With an experienced team and a lot of data.
Protect your 1973 Triumph Spitfire from the unexpected.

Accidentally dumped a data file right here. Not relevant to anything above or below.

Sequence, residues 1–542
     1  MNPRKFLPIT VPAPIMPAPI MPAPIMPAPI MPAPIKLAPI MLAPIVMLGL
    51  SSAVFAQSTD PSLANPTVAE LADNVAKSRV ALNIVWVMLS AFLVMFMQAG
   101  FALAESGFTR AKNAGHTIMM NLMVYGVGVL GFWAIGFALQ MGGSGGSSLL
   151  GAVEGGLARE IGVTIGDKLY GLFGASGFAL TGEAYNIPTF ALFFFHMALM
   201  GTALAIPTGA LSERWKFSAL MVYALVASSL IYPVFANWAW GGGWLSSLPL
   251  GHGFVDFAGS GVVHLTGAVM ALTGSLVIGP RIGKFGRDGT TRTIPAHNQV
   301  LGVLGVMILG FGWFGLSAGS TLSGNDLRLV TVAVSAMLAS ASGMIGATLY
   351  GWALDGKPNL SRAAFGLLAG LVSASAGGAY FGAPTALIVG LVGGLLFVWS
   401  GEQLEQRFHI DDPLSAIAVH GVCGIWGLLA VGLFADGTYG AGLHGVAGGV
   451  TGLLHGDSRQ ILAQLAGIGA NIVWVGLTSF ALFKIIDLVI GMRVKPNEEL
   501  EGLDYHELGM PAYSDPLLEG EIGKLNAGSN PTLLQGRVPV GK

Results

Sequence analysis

Triumph was caught flat-footed by rival BMC’s introduction of the Austin-Healey Sprite and the MG Midget. Needing a low-priced sports car of its own to compete, Triumph turned to the rather lackluster small Herald sedan as potential small sports car underpinnings. Giovanni Michelotti, Triumph’s favorite Italian designer came up with a design for the Herald chassis that unlike the Sprite and Midget, was truly beautiful. Named after the famed Battle of Britain fighter plane, the early Spitfire’s beauty was, however, largely skin deep. Even with twin SU carbs, the Herald’s tiny 1.1 liter engine made little power and the swing axle rear suspension made for potentially hazardous handling near the limit. More power came with the Mk II and these early cars are quite desirable if the driver respects the limitations of the rear suspension design. U.S. pollution and safety regulations began to hit the Spitfire after 1967 with the Mk III heralding revised (and less attractive bumpers) and less horsepower in spite of a displacement increase to nearly 1.3 liters. In 1970, Michelotti once again turned his attention to the car, cleaning up the front and rear and engineers finally resolved the treacherous swing axles. This variant was dubbed the Mk IV. The final variant arrived in 1973 with the insertion of the 1500cc unit from the MG Midget appropriately named the Spitfire 1500. It remained unchanged until 1979 when it gained large, rubber bumpers before bowing out entirely in 1980. All Spitfires are attractive, inexpensive to maintain, easy to find parts for and offer a great deal of fun for the money. Their high production numbers also mean that examples are relatively simple to locate.